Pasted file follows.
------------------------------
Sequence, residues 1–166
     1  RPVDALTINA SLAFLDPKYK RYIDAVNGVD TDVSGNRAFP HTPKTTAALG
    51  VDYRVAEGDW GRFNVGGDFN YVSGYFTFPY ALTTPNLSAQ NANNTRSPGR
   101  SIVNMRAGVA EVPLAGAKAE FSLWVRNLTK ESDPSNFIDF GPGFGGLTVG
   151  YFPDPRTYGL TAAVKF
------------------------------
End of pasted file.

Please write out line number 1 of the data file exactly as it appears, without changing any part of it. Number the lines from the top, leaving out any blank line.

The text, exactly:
Sequence, residues 1–166